Stephen’s dismissal after the battle of Germantown in 1777 and his subsequent return to what was then “back country” in the Shenandoah Valley are possible reasons why a portrait might not exist, University of Richmond emeritus professor Harry M. Ward said in a telephone interview.
Ward confirmed he was unable to locate a portrait of one of Washington’s most controversial generals for his book, “Major Gen. Adam Stephen and the Cause of American Liberty,” which was published in 1989.
The biography is among several books and hundreds of other writings by Ward about the Revolutionary War era in his many years of teaching and research as an American Revolution scholar and historian.
“I’ve been a student of the American Revolution,” said Ward, 84.
The apparent absence of a portrait of Stephen has been cited as one of the challenges in commissioning a statue of the town founder for Martinsburg’s recently redesigned square, but Ward said Stephen is no less deserving of being recognized in such a manner.
“He was one of the few founding fathers who had a real education,” Ward said of Stephen’s training and practice as a physician before becoming a leading military figure in commanding Virginia troops in the French and Indian War.
After being kicked out of the Army, Stephen remained politically active, serving in the Virginia Assembly.
He later spoke and voted in favor of accepting the U.S. Constitution at the Virginia ratifying convention in 1788.
Washington replaced Stephen with Marquis de LaFayette. The move ultimately led to more French aid, which historians say was critical to eventually winning the Revolutionary War.
In his book, Ward concluded that Stephen exaggerated reports and had moments of conflict of interest during his military career. He also noted alcoholism was “probably a major factor in the deterioration of Stephen’s relationship with his brigade commanders and certain other officers and contributed to a flippant attitude unbecoming a general in the Revolutionary army.”
Overall, Ward wrote that Stephen was an “able soldier, if not especially suited for high command.”
Ward said Tuesday that Stephen spoke his mind and Washington, who approved of Stephen’s dismissal from the Army following court-martial, was politically ambitious and didn’t like competition. Years earlier, Stephen unsuccessfully ran against Washington for a seat in the House of Burgesses.
Outside of politics, Stephen saw opportunities on the frontier and took them, Ward said.
Stephen amassed thousands of acres of land in becoming part of the Virginia gentry, if not necessarily a Virginia gentleman, Ward said.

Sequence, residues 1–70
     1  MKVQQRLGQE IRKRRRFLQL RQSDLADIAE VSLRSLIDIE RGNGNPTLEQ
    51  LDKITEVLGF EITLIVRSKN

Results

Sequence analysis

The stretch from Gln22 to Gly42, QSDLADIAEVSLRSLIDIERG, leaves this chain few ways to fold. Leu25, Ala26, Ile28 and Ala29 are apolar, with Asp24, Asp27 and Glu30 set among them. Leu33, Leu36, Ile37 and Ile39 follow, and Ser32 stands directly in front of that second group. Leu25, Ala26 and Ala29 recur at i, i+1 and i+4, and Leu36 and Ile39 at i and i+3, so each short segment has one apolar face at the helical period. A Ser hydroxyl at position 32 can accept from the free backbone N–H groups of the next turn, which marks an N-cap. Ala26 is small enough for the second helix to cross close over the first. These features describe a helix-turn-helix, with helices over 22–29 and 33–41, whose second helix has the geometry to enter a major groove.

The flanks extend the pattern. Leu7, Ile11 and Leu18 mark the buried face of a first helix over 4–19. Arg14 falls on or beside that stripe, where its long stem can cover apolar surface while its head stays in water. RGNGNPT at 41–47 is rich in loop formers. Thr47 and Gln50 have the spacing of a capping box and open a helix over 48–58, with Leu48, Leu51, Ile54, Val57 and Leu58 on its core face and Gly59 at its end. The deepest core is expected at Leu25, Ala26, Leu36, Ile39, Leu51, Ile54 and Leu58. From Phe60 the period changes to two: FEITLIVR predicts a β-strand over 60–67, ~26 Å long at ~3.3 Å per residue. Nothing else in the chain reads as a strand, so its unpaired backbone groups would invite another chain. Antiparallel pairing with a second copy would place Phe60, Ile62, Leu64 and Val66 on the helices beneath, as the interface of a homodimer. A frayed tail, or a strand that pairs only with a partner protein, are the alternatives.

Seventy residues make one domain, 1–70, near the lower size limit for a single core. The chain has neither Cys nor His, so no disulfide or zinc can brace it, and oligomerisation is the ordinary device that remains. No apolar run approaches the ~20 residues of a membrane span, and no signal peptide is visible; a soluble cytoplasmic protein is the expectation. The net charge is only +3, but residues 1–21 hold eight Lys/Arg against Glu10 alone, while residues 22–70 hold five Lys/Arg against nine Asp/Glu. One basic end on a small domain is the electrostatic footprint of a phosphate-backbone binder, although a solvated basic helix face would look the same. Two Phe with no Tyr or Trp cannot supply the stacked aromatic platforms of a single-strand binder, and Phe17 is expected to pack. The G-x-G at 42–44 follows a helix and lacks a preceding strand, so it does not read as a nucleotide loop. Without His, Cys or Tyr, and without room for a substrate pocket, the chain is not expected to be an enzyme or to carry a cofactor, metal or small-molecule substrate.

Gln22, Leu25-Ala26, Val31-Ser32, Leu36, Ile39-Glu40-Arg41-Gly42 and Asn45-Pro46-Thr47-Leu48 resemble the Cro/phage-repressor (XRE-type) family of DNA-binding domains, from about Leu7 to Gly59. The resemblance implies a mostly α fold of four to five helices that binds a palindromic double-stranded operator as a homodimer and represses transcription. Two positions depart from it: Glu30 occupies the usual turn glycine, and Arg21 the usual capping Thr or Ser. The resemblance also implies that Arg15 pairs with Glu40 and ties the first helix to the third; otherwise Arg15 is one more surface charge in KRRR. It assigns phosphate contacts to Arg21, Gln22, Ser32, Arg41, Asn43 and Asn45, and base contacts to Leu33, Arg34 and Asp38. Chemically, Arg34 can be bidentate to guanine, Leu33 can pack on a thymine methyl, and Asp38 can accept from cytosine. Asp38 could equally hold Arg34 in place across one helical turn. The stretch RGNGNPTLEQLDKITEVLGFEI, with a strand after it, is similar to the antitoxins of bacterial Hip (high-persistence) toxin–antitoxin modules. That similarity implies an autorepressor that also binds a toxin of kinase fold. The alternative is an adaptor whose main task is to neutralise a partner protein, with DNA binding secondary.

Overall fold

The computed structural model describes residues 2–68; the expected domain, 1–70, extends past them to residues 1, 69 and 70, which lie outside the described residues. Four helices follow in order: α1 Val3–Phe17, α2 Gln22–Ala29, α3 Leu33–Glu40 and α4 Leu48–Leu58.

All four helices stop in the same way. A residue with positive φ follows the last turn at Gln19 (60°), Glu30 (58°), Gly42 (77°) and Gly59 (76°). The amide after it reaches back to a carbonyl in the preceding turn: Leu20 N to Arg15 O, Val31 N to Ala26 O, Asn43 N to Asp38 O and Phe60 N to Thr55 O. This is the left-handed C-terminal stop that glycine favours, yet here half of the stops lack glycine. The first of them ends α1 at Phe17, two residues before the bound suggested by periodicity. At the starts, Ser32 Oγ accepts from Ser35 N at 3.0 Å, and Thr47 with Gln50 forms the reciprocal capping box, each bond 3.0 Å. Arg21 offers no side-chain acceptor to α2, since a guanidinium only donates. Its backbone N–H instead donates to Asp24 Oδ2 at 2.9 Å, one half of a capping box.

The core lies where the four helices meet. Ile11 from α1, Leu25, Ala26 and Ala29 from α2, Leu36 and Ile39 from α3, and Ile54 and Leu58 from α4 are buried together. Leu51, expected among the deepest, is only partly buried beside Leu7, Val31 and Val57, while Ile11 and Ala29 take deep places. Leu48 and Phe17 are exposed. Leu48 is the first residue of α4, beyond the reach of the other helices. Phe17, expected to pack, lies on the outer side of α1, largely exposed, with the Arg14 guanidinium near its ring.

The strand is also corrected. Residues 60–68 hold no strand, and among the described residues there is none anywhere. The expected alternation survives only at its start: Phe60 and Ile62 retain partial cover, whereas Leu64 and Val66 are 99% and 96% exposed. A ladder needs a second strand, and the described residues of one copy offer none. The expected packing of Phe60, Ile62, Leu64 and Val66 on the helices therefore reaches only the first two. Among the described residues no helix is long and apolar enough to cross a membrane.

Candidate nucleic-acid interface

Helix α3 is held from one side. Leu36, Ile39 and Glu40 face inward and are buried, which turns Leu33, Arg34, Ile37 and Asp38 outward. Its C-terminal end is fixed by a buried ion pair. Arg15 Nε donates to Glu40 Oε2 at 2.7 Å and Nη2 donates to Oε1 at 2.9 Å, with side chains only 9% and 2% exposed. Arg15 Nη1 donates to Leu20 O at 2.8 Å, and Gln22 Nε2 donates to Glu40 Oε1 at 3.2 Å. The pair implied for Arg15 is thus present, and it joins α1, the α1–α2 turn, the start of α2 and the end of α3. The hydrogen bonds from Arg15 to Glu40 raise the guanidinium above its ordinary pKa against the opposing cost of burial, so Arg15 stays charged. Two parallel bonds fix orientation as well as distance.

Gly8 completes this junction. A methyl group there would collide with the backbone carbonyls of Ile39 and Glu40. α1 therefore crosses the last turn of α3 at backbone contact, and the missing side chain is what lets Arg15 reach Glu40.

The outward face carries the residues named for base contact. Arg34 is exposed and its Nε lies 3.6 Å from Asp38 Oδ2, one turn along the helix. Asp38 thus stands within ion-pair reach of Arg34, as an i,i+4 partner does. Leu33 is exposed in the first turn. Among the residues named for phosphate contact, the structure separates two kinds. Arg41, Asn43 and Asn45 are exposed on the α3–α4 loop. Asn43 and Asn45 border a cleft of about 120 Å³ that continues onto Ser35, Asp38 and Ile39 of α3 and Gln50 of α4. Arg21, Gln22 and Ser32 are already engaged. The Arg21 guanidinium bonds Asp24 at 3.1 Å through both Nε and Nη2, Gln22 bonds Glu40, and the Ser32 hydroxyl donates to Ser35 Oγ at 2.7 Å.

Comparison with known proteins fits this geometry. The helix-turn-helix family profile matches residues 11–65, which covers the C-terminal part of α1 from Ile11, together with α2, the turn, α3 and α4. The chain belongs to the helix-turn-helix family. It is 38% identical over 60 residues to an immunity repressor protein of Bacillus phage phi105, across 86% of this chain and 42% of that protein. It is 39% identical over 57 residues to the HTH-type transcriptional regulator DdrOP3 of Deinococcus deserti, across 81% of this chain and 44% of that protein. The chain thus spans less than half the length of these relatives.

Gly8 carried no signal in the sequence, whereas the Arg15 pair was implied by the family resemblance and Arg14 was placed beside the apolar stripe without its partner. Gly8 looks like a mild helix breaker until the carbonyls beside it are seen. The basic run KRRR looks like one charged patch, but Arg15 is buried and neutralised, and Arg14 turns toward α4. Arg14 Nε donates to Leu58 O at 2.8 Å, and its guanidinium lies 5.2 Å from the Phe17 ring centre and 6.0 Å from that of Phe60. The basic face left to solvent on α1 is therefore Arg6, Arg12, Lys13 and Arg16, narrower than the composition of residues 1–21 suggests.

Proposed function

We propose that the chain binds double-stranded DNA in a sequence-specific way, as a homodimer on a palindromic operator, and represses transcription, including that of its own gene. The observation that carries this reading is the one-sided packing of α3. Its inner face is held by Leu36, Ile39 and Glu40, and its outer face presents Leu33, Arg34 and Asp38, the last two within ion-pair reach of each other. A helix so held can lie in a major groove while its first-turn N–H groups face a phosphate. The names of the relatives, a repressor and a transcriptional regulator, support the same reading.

“He had to start from scratch,” Ward said.
He continued his practice as a physician upon leaving the Army. He also served as the first sheriff of Berkeley County, which was formed in 1772 and laid out the town of Martinsburg, which was incorporated in 1778.
While a portrait has never been found, Ward said it is clear Stephen was “very small” in stature based on the size of his uniform waistcoat, which has survived through the years.
Regardless, Ward said statues often are not precise in their resemblance of a historical figure.
Ward said established portrait painters in Stephen’s day would have stayed in fledgling nation’s cities to make money and would not have traveled to the frontier unless they were paid a large sum.
“He lived in the back country,” Ward said.
Roger Lewis, chairman of the Martinsburg City Council property committee, said Tuesday the lack of a portrait is not as concerning as finding the funding for the statute.
Lewis said he would be “very supportive” of a community fundraising effort to raise the estimated $50,000 to $60,000 for the statue.
“It would make a nice community project,” said Lewis, who represents Ward 4.
Lewis said the city had planned to pay for the statute with general revenue as part of the town square project, but unexpected cost overruns sapped the city’s budget for the redesign, which cost about $1.8 million. The city’s share of the project’s cost was about $360,000.
Since the project’s substantial completion, the city’s tax revenues have continued to lag, which prompted city leaders to hold off on spending money for the statue, according to Lewis.
“We have to be very prudent with our budget,” Lewis said.
On Monday, Lewis and other members of the city property committee meeting Monday declined to recommend City Council consider alternatives to the Adam Stephen statute. The monument is envisioned to be placed on a pedestal that was built in the square.
Architect Matthew Grove told committee members that pedestal was designed for a “static” bronze figure of the town founder, which he estimated would weigh about 2,000 pounds.
Modern art, a clock and relocation of the “doughboy” monument near the old federal building on King Street have been suggested as alternatives to the Adam Stephen statue, but the committee did not reach a consensus on any of the options.
Lewis told fellow committee members the doughboy monument isn’t owned by the city and was deeded to The Arts Centre by the federal government.
Grove told committee members that there is no electric service in the pedestal to power a clock.